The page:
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On Silence and Noise and World Poetry Day

In an interview with The Paris Review, poet Billy Collins compares poetry and prose thusly:

"nothing precedes a poem but silence, and nothing follows a poem but silence. A poem is an interruption of silence, whereas prose is a continuation of noise."

On this World Poetry Day, as most of the world is grappling with the noise of COVID-19 and its various repercussions, World Poetry Day and offers the chance to #ShelterInPoems.

Clint Smith is one of my favorite current poets. His 2016 collection Counting Descent is the deep breath after an unexpectedly icy swim, a lightning strike, a fire. Do read the whole collection but first here's his "FaceTime" from the collection:

On another night in a hotel in a room in a city flanked by all that is unfamiliar I am able to move my finger along a glass screen once across once vertical & in seconds see your mother smiling in a room that is our own that is now so far away but also not so far away at all & she can place the small screen near her belly & when I speak I can see you moving beneath her skin as if you knew that this distance was only temporary & what a small yet profound joy it is to be some- where that is not with you but to still be with you & see your feet dance beneath her rib cage like you knew we'd both be dancing together soon.

What a perfect poem for those who must be separated during this time. Or for any of us who can appreciate the "small yet profound joy" of family and new life and hope for tomorrow.

Mary Oliver, in her A Poetry Handbook, understands the various ambitions and incentives that can move a poet forward. She explains:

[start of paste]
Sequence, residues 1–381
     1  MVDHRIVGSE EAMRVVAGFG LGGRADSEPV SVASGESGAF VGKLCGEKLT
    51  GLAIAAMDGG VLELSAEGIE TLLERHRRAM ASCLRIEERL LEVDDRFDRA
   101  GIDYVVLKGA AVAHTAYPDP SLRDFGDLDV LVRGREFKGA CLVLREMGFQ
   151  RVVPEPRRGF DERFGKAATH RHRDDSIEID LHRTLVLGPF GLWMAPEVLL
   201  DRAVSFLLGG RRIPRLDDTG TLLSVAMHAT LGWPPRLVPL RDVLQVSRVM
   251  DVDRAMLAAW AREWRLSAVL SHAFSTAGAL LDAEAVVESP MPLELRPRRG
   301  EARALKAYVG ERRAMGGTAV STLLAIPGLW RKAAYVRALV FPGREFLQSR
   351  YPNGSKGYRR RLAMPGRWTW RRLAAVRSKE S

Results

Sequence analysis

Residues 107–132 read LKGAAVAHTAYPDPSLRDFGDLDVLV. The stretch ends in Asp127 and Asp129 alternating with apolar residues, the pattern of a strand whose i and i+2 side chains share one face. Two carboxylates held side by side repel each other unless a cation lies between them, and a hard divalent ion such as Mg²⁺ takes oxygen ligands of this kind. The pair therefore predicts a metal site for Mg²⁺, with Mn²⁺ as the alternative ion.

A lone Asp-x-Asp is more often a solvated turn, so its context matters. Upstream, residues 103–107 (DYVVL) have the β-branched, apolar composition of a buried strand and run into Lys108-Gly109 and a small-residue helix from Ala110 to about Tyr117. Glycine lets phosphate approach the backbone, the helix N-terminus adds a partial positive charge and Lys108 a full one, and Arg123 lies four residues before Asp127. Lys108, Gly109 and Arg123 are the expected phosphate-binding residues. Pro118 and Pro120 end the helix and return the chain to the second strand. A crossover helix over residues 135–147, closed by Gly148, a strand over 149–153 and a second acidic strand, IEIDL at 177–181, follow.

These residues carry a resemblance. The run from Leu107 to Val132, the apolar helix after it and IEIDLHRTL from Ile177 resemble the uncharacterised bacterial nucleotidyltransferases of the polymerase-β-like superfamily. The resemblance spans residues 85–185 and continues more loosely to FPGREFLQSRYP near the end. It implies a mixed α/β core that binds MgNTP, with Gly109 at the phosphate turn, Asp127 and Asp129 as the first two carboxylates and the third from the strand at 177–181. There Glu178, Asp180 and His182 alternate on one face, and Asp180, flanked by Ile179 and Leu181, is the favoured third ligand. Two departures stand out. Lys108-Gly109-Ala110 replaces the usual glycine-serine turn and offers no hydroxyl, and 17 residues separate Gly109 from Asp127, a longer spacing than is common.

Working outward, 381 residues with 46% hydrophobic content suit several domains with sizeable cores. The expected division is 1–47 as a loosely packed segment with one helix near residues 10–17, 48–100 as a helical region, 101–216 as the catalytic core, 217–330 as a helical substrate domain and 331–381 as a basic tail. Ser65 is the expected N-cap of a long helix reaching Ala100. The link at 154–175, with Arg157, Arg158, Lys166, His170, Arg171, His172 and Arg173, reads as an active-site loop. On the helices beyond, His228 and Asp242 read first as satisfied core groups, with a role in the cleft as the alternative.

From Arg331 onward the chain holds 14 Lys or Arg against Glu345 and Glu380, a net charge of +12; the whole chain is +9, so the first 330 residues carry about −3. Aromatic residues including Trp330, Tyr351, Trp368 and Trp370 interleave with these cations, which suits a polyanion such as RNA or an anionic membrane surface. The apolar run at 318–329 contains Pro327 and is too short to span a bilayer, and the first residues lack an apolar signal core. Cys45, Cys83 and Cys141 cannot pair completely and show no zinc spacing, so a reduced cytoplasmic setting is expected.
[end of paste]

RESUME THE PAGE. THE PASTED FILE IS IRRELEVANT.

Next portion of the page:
"And, never before have there been so many opportunities to be a poet publicly and quickly, thus achieving the easier goals. ... There is, as never before, company for those who like to talk about and write poems. None of this is bad. But very little of it can do more than start you on your way to the real, unimaginably difficult goal of writing memorably. That work is done slowly and in solitude, and it is as improbable as carrying water in a sieve."

That image is devastatingly good. Here's why: If someone set before you two large buckets, one full of water and the other empty, and demanded or even suggested you must move the water from the first bucket to the second, you might be frustrated by such an inane task but shrug and go about it. If, however, they indicated you must use only a sieve to do it, you'd be enraged. You would not even begin because you would know it is impossible. Yet poets everywhere, every day, sit down (or stand or pace or stroll) to this work done slowly and in solitude because there is some balm here. Not just in the poem once it is done, but in the getting of it. For if it was not its own magic, no poet would undertake such a task.

Maria Popova's Brain Pickings piece on Silence and Pablo Neruda's "Keeping Quiet" is another perfect-for-this-moment read. In her post, you can hear Sylvia Boorstein reading this poem, which is its own delight. The stanza that stops me cold reads

What I want should not be confused With total inactivity. Life is what it is about; I want no truck with death.

Or the final stanza of Wallace Stevens' "Final Soliloquy of the Interior Paramour"

Out of this same light, out of the central mind, We make a dwelling in the evening air, In which being there together is enough.

It is enough. As you shelter in place, Shelter in Poems. If you are new to poetry, here are a few resources I find particularly good:


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